JOHANNESBURG, July 4, 2011 (AP)
JOHANNESBURG, July 4, 2011 (AP)
The turmoil in North Africa is hampering economic growth across the continent but is also inspiring democratic change elsewhere, the chief economist of the Africa Development Bank said Monday.
In a speech, Mthuli Ncube said the unrest in Egypt, Libya and Tunisia is likely to reduce economic growth in North Africa this year to 0.7 percent from 4.7 percent last year. Overall, Africa’s growth is estimated at 3.7 percent in 2011, down from 4.9 percent last year.
Further south, Ncube said economies have been affected by a drop in money sent home by Africans from elsewhere on the continent who had been working in North Africa. Niger, for example, had 200,000 citizens working in oil-rich Libya, according to bank statistics.
Another knock has come from the reduction in Libyan investment across Africa as well as declining numbers of Libyan tourists within Africa, Ncube said.
But he said that while the economic impact was painful, the long-term effect of political changes made it worthwhile.
“Democracy is far more important,” Ncube said.
He noted that protests last month forced Senegal’s longtime president to cancel a proposed legislative change that would have made it easier for his son to take charge of the West African nation.
“It was really the North Africa effect,” Ncube said. “The youth will not tolerate any behaviour they don’t perceive as democratic.”
Ncube also cited Morocco, which has seen protests calling for change even though the king remains popular. The king presented a new constitution, approved by 98 percent of voters last week, designed to curtail his powers and make his government more accountable.
Ncube said the large number of unemployed youth, who used social networks to organise, helped drive protests that forced out a president in Tunisia and were followed by uprisings around the Arab world.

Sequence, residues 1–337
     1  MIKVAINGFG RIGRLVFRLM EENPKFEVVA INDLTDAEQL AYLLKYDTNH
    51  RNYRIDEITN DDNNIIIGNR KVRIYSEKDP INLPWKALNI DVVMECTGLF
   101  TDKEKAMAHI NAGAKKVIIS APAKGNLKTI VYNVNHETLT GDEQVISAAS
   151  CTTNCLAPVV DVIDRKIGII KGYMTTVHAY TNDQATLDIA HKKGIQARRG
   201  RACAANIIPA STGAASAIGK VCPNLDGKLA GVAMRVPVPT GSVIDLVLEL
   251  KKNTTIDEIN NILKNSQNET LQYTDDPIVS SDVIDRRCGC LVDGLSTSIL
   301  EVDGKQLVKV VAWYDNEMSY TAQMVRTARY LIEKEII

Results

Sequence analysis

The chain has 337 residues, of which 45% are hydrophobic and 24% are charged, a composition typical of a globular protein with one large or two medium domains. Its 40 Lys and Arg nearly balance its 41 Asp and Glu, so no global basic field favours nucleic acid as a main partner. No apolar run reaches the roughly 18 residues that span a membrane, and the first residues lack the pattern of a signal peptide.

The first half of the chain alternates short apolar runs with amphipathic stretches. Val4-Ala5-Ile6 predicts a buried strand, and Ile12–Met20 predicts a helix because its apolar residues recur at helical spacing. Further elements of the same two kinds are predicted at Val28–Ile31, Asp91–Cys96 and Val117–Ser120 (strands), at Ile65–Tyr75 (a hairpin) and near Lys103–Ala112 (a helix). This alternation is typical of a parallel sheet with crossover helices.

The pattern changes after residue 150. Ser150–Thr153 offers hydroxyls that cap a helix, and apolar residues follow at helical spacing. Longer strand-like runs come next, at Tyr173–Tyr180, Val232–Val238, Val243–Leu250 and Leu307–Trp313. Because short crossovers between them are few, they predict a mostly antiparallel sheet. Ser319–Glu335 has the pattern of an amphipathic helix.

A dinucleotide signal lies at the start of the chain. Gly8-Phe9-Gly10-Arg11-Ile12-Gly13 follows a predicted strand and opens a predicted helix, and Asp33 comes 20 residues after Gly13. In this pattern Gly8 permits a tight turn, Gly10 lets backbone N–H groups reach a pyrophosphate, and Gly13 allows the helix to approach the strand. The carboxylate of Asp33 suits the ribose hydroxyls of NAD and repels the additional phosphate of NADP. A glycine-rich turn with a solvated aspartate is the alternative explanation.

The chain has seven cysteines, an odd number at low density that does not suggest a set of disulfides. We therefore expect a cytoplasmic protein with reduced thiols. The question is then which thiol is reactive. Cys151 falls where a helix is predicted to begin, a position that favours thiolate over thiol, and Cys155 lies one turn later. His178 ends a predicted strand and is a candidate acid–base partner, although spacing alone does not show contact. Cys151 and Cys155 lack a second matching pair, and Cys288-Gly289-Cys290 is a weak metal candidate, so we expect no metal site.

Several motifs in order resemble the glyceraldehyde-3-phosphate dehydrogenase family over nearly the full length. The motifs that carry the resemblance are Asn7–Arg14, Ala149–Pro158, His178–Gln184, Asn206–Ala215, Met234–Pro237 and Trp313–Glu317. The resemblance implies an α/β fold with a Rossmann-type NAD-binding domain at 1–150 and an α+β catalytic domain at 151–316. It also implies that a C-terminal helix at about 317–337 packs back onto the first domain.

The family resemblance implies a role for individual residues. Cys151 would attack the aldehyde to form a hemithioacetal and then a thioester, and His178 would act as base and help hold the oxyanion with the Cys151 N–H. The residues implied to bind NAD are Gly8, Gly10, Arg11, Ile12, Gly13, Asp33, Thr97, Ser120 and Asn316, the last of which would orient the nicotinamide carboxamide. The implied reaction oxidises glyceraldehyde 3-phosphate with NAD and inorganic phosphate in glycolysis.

Sub-Saharan African countries with high unemployment should also be wary, Ncube said. He noted in an interview with The Associated Press after his speech Monday that former President Thabo Mbeki of South Africa _ which is struggling to cut unemployment, particularly among the young _ was ousted in 2008 by his own African National Congress in campaign led by the party’s youth wing. That might have been democratic South Africa’s version of upheavals in the north, Ncube said.
South Africa, the continent’s strongest economy, has suffered from the global recession more than other African economies, and is recovering more slowly, according to the annual economic outlook the African Development Bank released Monday. Its GDP is expected to grow 3.6 percent this year.
Ncube said South Africa should draw lessons from Nigeria, where growth predicted at 6.9 percent in 2011 is tied in part to reforms that have encouraged entrepreneurship. Or from Kenya, where growth predicted at 5.3 percent is linked to East Africa’s progress in creating a regional market and improving infrastructure.
Ncube also cautioned South Africa against nationalizing mines and other industries, a proposal pushed by younger ANC members but opposed by key party leaders and by businesses.
“Nationalization, it’s not a good idea,” Ncube told the AP. “Governments themselves do not create jobs. They create an environment for jobs to be created